May - 2016 - issue > CEO Insight


Mohit Aron
Tuesday, May 3, 2016
Mohit Aron
Hyper-converged platforms using standardized appliances have completely changed architectural philosophies for enterprise data centers. These appliances are usually turnkey, in contrast to the piecemeal server, networking and enterprise storage products that needed to be orchestrated together in decades past. The results have been dramatic benefits to IT, including not just cost reduction but a more strategic shift in focus towards running business applications since less time is spent managing the individual server and storage infrastructure pieces.

The company I co-founded, Nutanix, led the way in this hyper-convergence movement for primary storage used for virtualization, but I believe there is an even bigger opportunity to impact the world of secondary storage. For many decades, secondary storage consumption focused on data protection and DR, with tape as the secondary media. When data deduplication and SATA HDDs came on the scene, tape was swapped out though it never went away completely. Customers benefited from better backup experiences in terms of speed of recovery, but this remained a separate silo in the datacenter that served as an expensive insurance policy.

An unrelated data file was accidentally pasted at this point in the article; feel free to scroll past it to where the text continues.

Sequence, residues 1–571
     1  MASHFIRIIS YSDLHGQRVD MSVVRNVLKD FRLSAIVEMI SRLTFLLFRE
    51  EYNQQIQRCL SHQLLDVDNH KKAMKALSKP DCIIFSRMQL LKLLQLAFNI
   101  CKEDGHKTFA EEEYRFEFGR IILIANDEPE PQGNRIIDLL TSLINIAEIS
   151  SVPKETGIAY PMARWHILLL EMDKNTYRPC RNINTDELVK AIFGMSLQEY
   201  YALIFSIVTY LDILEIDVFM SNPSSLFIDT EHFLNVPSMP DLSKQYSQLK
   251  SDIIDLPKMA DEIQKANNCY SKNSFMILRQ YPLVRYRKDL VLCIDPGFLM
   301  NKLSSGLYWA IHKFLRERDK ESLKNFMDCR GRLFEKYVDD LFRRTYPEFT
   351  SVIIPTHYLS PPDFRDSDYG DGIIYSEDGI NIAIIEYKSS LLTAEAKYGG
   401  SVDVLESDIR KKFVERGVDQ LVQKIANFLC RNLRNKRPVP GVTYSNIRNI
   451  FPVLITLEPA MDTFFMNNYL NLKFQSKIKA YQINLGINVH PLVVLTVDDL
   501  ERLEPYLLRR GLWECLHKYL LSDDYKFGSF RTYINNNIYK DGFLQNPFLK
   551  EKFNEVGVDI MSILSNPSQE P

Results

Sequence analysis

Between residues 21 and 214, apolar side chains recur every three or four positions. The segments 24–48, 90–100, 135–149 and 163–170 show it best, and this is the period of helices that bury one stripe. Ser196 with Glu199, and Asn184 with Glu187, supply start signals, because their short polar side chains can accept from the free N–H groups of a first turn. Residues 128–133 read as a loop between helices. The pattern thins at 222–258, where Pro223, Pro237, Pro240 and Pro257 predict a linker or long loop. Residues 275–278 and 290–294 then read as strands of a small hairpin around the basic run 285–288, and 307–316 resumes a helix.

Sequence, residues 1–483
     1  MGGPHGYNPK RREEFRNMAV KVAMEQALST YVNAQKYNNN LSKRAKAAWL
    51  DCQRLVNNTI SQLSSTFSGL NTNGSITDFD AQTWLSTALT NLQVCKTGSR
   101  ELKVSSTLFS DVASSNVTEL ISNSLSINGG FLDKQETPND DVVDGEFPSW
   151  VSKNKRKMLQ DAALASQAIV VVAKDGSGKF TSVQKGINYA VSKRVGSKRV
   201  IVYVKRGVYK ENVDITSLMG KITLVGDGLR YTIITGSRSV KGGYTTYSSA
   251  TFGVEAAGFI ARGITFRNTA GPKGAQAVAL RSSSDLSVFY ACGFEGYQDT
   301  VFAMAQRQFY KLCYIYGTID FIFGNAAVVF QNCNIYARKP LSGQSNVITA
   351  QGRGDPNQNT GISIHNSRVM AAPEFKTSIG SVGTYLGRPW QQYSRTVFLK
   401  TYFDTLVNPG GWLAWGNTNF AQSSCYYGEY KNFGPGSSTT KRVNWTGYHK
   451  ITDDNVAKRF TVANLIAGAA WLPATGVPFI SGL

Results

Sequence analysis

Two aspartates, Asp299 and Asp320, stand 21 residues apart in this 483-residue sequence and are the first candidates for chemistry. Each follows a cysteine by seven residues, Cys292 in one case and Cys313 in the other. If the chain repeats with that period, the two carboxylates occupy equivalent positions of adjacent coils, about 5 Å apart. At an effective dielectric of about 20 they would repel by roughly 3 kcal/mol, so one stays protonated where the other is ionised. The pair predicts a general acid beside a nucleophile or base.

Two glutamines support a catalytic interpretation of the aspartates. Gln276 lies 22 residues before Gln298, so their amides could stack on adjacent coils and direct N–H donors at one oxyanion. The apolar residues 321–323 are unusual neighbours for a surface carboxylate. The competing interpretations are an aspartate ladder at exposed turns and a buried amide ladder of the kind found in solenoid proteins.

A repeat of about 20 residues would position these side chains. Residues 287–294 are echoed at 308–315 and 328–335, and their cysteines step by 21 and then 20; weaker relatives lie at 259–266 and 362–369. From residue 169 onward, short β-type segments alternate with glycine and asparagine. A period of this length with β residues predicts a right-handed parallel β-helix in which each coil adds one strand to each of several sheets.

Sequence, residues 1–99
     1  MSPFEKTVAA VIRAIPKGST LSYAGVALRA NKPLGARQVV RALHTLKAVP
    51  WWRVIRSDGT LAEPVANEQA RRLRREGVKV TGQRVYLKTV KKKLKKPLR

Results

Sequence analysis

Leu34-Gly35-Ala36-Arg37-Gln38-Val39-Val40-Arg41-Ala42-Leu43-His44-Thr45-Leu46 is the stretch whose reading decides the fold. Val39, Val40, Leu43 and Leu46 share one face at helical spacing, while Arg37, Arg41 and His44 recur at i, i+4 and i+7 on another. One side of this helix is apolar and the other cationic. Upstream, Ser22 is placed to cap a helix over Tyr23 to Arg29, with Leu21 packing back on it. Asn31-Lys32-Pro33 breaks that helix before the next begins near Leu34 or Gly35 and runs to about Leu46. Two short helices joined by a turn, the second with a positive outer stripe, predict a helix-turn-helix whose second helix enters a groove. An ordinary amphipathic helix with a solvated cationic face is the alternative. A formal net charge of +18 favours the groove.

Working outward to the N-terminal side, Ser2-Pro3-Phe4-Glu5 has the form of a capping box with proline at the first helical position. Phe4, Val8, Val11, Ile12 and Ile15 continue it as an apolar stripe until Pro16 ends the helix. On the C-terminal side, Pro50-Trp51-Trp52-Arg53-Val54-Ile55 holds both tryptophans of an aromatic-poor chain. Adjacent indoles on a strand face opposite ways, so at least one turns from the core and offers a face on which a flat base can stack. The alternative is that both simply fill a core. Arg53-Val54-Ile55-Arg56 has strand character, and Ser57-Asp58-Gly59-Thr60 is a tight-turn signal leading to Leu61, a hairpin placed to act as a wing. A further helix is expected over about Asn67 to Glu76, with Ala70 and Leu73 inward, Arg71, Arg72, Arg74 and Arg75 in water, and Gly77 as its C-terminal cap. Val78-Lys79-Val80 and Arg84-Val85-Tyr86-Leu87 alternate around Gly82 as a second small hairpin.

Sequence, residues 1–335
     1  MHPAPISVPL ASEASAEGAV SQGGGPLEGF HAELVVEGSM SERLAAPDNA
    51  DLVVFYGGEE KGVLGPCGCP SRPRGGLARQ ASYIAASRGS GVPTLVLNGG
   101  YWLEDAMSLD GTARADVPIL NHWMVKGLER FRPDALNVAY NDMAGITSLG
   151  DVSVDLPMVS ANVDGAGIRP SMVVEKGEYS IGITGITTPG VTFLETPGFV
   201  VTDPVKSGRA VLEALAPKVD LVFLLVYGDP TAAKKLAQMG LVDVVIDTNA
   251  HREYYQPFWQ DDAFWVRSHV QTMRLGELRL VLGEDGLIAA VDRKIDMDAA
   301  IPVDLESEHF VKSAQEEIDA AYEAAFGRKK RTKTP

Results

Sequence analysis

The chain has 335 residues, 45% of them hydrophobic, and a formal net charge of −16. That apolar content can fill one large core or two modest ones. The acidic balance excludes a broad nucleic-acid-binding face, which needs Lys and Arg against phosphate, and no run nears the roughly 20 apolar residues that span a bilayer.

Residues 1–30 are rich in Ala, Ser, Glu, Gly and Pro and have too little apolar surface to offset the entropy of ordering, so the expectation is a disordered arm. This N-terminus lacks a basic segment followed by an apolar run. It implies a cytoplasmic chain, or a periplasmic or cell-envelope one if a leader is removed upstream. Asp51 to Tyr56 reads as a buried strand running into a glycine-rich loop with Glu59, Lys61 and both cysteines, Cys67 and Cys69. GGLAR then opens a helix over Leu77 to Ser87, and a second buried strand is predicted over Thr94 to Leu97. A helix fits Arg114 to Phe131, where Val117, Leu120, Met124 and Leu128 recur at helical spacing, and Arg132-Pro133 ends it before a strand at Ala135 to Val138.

The Bigger Challenges in Secondary Storage

Meanwhile, several other use cases in secondary storage are creating silos of their own, including test and development, which leverage additional copies of production data. Storage is often managed separately for this use case, rapidly creating data sprawl. File services are also another secondary storage use case because they may not require high performance, but end users depend on high resiliency for productivity. This broader issue around copy data proliferation has only gotten worse as organizations take on big data, creating yet another silo of infrastructure and copies of data for use with Hadoop and its own use of secondary data. All of this makes it increasingly difficult to make use of public cloud services because there isn't a consolidated view of all the on-premise data and what workloads make sense for migration.

To better understand the depth of these challenges, our company conducted a survey of 74 IT professionals in late 2015 to help identify the top pain points of data storage. Our survey revealed the growing complexity of enterprise data storage-along with widespread lack of visibility into stored data. The survey highlighted that most companies rely on three or more storage solutions to manage company data, and in turn respondents rated "managing complexity of different products" as a top concern, second only to growing storage costs.

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